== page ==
Block by block: Wayne State Urban Planning student reimagining Midtown

 

Amy Xiao Zhou (center) with Department Chair and Professor of Civil and Environmental Engineering Mumtaz Usmen, and Assistant Professor of Civil and Environmental Engineering Stephen Remias.

Amy Xiao Zhou is an international Ph.D. student of civil and transportation engineering at the Wayne State University College of Engineering. She recently competed in the Detroit Institute of Arts (DIA) Student Design Summit, for which she and 10 other WSU students ventured to redesign the area surrounding the museum. When the competition winners were announced in January, Zhou and her teammates were elated to discover they had won first place in both the jury and the people’s choice awards, especially since they took a big risk with their design.

“Our DIA plaza project included the repurposing of a low-traffic street for principally pedestrian use,” said Zhou. “All other teams only designed the site; no one else redesigned the streets to make extensive connections.”

This bold decision made them stand out against the competition, but it also called for more work. The video showcasing their final design is still available for viewing, although Zhou articulates it was their extensive research, tedious data collecting and attention to detail that fueled their success.

“I had to draw every single line manually — the buildings, the street curbs — first from 2-D, then built up the 3-D model, and then still had to go to Google Maps and measure all of the buildings’ heights. All those buildings are historical, and their heights are not standard, so I had to measure all of those things manually. All the design features in the model had to be built to scale. I also did an analysis of traffic and neighborhood safety. They were important steps to making sure our proposed redesign locations would work with the surroundings and not cause any traffic or crime problems,” said Zhou. “It involved a significant amount of time.”

Repurposing the street into a more pedestrian-friendly version while also replacing the current DIA parking lot with a green space meant a new parking area had to be created. After much deliberation, a parking structure was concluded as the best solution. Zhou spent hours manually counting all of the cars parked in the area in order to calculate the number of spots she would need to incorporate into the new building design. When reimagining any space, Zhou often finds the trick is balance.

“If you’re trying to redevelop agricultural land and you build a hard concrete surface, you have to redesign other places to absorb water so that you can balance all the things,” said Zhou. “Otherwise, if it rains, it’s going to flood.”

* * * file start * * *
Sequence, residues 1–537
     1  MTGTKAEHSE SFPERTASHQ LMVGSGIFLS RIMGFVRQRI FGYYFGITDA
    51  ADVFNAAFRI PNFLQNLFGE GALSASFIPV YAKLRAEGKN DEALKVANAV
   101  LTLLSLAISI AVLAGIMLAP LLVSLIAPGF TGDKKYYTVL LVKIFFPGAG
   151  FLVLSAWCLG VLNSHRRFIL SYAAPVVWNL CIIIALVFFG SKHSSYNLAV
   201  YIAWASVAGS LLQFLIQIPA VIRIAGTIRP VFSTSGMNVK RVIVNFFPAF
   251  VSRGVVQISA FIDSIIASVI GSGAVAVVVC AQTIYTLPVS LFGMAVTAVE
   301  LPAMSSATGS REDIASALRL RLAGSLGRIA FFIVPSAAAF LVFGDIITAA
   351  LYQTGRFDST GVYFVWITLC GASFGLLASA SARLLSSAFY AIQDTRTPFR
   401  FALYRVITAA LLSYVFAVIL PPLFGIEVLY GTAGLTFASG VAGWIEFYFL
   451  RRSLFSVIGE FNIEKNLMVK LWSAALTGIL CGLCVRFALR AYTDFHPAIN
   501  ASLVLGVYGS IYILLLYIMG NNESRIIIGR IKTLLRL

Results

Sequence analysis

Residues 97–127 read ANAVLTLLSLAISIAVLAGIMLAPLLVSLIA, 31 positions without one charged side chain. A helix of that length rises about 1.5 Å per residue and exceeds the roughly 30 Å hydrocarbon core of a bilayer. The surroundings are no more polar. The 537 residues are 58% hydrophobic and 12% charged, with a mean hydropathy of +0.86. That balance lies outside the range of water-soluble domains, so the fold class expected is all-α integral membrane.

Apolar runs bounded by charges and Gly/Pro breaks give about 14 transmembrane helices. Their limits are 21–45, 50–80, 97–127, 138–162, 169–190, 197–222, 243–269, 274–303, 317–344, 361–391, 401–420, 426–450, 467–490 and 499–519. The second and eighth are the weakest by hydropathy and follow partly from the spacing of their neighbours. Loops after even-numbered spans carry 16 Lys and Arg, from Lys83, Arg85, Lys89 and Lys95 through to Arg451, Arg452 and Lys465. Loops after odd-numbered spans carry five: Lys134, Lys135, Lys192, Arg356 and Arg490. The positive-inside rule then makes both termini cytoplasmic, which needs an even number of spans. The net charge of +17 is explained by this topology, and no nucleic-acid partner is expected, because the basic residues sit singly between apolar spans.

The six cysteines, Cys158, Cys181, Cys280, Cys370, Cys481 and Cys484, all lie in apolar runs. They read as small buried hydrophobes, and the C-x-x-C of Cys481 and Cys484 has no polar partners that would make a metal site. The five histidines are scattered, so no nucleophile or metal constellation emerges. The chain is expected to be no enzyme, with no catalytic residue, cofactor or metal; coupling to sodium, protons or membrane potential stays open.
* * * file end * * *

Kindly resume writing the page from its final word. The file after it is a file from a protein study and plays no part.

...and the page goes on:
While Zhou worked on designs for the DIA competition, she also collaborated with another team of WSU students for a completely separate competition. The 2018 Campus RainWorks Challenge is a national design competition funded by the Environmental Protection Agency, in which university students re-imagine a portion of their own campus. This challenge emphasizes sustainability, and requires each team to incorporate a green stormwater infrastructure (GSI) into their design.

With the Helen L. DeRoy Apartments slated for demolition this summer and a proposed green space fixed to take its place, this area of campus provided the perfect blank canvas to spark inspiration. The final design submitted by Zhou’s team, titled “From Gray to Green & Gold,” includes a green space equipped with more accessible pedestrian paths, multiple water features and rain shelters that function as a self-irrigation system. If implemented, their Rainworks Masterplan could save the university millions in drainage costs.

Though participating in two competitions simultaneously was a challenge — final submissions were due on the same day — Zhou was eager to put her transportation and economic development studies to use. As part of her graduate research, Zhou is studying the “‘complete street,” which is designed to be safe and accessible for people using all modes of transportation. Under the instruction of Steven Lavrenz, assistant professor of civil and environmental engineering, and Mark Cheng, associate professor of electrical and computer engineering, Zhou is developing a methodology to record everyday street traffic throughout a city using GPS sensors. This technology will allow urban planners to easily collect data regarding street uses.

“With this technology, I am able to know the exact routes people are taking. If one street only has bicycles and not too much pedestrian traffic, then we only need to add in some elements, which doesn’t require as much money. You have to know the core thing that caused the city problems,” said Zhou. “There are a lot of things you have to consider.”

Zhou received a master’s in urban studies and planning from Wayne State University in 2015, but her urban planning studies began in China. After receiving an undergraduate degree in urban planning from Beihang University in 2012, she spent two years working at one of Beijing’s top architecture companies, David International Partnership Architects.

“I was able to see the different kinds of problems that arise in real projects, and fortunate to observe how CEO Tao Wang and the excellent designers on the team would approach them. It strengthened my recognition that problem-solving is the soul of designing a whole project,” said Zhou. “Not beautification.”

Winners for the 2018 Campus RainWorks Challenge will be announced this spring.

 

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